Shinoda was born into one of the most illustrious families in central Gifu Prefecture in 1931. His ancestors were large landowners and village leaders of a small town that is now part of Gifu City. They also had a long literary and cultural heritage. His great uncle was the model for the main character in one of Toson Shimazaki’s novels, and Shinoda’s cousin is one of Japan’s leading abstract calligraphers. As a child, Shinoda was studious, applying himself to mathematics and physics; but by the end of World War II, he experienced the same sort of bitter disillusionment as many of his generation. Shinoda came to view the cold rationality of science as instrumental in Japan’s ability to wage the war. Later, Shinoda entered Waseda University and was one of only three students enrolled in its theatre history program. There he studied under some of the most renowned experts in such traditional Japanese forms of drama as Noh, Kabuki, and Bunraku (puppet theatre). As he continued to study, he felt a passionate need to understand what quirk in the Japanese character lead to the disaster of the Second World War.

In 1953, Shinoda was forced to withdraw from university after his mother died. Though his family had a distinguished lineage, its financial status was depleted after the war, and he had to find work. In desperation, he took and passed the Shochiku studios entrance exam and soon became an assistant director. After the financial success of Oshima’s Town of Love and Hope (1959), Shinoda was given permission to write and direct his first film. The result was One Way Ticket for Love (1960), which proved to be a box office failure, and Shinoda soon found himself in the assistant director’s chair again; this did not last long, though. The critical and commercial success of Oshima’s shockingly bleak Cruel Story of Youth (1960) both strengthened Shochiku’s willingness to take risks on young directors and heralded the beginning of the Japanese New Wave. Shinoda’s first success occurred not long afterwards, when he teamed up with poet (and later, filmmaker) Shuji Terayama to create Youth in Fury (1960). Shinoda’s films are populated with people who passionately, irrationally sacrifice themselves for love and beauty, be it the nihilist gangster who risks jail for a beautiful young thrill-seeker in Pale Flower (1963), the jealous apprentice consumed with love for her painting teacher in With Beauty and Sorrow (1965), or the lovers who choose death over separation in Double Suicide. In a manner akin to the films of Kenji Mizoguchi, Shinoda presents this self-destruction with a sense of unavoidable fate; his protagonists are unwilling or unable to break themselves from the spiral towards the abyss, their respective journeys accentuated by the filmmaker’s bold experimentation with narrative and visuals. This fusion of traditional plot elements with a challenging formal style is best exemplified in his masterpiece Double Suicide, which reworked a classic Bunraku play into a modernist work of art. The black-clothed stagehands that animate the dolls in traditional Puppet Theatre are recast here as agents of fate manipulating the film’s characters towards their inevitable bloody end. Since then, Shinoda has made a number of well-received films including Himiko (1974), MacArthur’s Children (1984), and Sharaku (1995). Shinoda’s wife, actress Shima Iwashita, appears in many of his films. —allmovie guide

Monday, March 15, 2010

Tokyo Twilight (東京暮色)

3/15, 8:30 PM in Kent 413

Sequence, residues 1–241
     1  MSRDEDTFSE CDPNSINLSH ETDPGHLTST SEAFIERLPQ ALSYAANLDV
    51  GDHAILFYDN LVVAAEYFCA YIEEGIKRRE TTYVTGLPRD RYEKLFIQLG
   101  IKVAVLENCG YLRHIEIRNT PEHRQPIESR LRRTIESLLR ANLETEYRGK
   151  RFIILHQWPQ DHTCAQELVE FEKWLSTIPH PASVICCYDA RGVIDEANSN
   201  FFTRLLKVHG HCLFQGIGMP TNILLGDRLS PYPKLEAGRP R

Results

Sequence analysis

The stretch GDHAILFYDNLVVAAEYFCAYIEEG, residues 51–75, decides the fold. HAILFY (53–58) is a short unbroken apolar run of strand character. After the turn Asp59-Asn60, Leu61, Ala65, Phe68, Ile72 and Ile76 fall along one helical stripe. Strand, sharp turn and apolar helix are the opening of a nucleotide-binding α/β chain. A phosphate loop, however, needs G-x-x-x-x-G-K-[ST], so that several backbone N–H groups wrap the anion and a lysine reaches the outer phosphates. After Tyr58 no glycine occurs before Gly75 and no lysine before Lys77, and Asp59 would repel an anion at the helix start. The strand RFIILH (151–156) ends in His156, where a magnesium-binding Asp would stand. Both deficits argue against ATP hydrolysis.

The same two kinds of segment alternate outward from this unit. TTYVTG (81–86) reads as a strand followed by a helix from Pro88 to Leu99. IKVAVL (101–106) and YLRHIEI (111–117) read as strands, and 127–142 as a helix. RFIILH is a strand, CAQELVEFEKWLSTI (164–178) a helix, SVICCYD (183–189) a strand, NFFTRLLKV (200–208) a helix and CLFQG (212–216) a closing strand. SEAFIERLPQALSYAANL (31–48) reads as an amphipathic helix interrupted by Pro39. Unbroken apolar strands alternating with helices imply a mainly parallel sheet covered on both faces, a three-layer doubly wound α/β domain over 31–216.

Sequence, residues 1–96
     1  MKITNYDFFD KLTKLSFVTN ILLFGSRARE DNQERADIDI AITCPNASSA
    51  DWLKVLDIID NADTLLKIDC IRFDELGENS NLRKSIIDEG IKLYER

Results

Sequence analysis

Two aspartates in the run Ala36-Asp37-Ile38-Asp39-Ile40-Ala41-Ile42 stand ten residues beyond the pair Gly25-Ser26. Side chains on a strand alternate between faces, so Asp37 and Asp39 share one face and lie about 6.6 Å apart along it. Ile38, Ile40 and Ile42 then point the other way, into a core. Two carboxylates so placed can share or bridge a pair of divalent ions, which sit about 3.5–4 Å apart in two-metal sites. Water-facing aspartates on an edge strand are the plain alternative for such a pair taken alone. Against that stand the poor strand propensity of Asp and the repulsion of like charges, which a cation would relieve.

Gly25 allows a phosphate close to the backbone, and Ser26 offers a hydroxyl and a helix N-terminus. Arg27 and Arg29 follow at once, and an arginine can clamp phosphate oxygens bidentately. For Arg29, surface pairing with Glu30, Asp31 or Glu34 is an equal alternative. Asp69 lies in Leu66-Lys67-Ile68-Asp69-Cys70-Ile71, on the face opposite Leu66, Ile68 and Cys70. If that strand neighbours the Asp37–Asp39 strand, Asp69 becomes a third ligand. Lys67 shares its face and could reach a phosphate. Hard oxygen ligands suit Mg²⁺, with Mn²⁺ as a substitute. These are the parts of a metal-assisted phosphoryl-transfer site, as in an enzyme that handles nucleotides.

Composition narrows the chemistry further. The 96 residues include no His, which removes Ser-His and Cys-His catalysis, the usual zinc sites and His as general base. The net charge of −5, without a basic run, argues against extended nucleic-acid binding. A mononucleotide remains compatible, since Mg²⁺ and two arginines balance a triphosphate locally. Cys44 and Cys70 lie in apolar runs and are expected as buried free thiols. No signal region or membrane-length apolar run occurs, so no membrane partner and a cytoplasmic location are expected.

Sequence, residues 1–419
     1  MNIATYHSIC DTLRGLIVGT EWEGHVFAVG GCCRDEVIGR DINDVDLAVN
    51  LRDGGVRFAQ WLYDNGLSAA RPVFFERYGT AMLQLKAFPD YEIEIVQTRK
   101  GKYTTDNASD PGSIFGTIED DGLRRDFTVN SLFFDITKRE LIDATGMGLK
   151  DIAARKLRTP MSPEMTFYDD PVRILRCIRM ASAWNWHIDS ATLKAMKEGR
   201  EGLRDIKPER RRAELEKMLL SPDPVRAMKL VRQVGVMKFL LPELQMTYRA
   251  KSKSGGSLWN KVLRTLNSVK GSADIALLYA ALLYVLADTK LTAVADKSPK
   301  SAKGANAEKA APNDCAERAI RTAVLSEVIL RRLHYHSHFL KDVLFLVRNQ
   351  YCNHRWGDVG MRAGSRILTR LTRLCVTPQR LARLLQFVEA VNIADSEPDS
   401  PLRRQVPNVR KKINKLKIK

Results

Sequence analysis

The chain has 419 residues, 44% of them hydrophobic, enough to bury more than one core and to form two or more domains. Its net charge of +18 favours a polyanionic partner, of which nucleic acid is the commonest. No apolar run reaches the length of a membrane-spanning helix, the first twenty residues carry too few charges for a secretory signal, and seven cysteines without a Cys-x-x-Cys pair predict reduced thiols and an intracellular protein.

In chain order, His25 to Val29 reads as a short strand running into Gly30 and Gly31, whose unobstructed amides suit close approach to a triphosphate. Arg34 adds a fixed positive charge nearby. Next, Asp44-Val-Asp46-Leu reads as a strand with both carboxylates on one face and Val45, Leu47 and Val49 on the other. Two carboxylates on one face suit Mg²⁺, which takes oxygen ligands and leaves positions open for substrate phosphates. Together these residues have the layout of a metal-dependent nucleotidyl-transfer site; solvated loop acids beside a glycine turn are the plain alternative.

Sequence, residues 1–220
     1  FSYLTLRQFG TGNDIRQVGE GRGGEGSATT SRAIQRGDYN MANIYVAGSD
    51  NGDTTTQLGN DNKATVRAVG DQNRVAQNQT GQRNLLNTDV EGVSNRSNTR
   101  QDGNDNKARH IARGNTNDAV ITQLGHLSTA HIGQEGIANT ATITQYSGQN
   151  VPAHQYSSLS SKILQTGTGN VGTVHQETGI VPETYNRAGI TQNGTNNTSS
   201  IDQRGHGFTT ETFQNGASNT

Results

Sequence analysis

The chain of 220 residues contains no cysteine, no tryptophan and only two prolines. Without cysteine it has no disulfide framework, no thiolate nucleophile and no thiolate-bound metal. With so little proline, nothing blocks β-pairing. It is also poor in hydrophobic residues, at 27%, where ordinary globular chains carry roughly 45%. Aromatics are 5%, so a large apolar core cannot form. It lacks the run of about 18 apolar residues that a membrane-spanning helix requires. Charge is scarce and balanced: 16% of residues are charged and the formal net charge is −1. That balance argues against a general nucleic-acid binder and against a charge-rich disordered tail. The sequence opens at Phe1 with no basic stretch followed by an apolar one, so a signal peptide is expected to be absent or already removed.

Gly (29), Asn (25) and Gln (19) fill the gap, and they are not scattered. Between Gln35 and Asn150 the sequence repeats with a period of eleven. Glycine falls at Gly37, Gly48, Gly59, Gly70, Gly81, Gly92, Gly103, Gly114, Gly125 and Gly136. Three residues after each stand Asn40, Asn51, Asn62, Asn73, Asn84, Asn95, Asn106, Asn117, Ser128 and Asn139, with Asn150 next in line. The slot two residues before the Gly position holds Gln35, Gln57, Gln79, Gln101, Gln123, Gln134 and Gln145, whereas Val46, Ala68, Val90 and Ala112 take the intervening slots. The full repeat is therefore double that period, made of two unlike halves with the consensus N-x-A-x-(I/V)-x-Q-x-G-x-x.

"One of Ozu's most piercing portraits of family strife, Tokyo Twilight follows the parallel paths of two sisters contending with an absent mother, unwanted pregnancy, and marital discord."
-Criterion Collection

On March 25, we will be kicking off the Japanese Film Club with a film from 1957, Ozu Yasujiro's Tokyo Twilight. For those of you who've seen some of Ozu's better-known films (Tokyo Story, Late Spring), I think you'll find this a really interesting departure from his normal style. It is definitely more "dark" than anything else I've seen by him (as the review below points out) and this does seem to put somewhat of a strain on all of the actors that Ozu generally casts with a restrained emotional palette (i.e. Ryu Chishu, Hara Setsuko). However, I think that in many ways it is one of Ozu's most spiritually redemptive films. The development of his style of framing, with multiple distinct planes of action (usually marked by tatami), and his meticulous placement of people and objects in every shot is at such a high point here that it lends the film a sort of second progression underlying the surface narrative. That narrative, however, is very powerful in and of itself, and although the film is over two hours, it is one of Ozu's most gripping. For those of you who've never seen any Ozu before, you may be frustrated by the lack of confrontation (which is actually much less apparent here than in his other films) and the repetition of sequences (mahjong games, meaningless conversations over saké), but I think if you are interested in film you will come to appreciate the meaning behind this repetition. Tokyo Twilight casts the intense drama of a young woman coming to grips with identity over the backdrop of a society that always repeats its mundane errors and consigns the meaningful to a world of fiction (see the scene in the mahjong bar when one player tells the story of Akiko's pregnancy). The suffering of that woman seems to stun the characters around her out of their selfishness and accidental malice, which is really just a kind of laziness. A supremely mature piece from Ozu, and in my opinion one of his best.


If you want to read more on Tokyo Twilight and Ozu's other films, click here.

Wednesday, March 10, 2010

Japanese Film Club

Starting after spring break, we will be showing a different Japanese film every week. Screenings will be on Thursdays in 413 Kent Hall at 8:30 PM. Posters will be hung around campus every week. Current plans are to start with Ozu's Tokyo Twilight.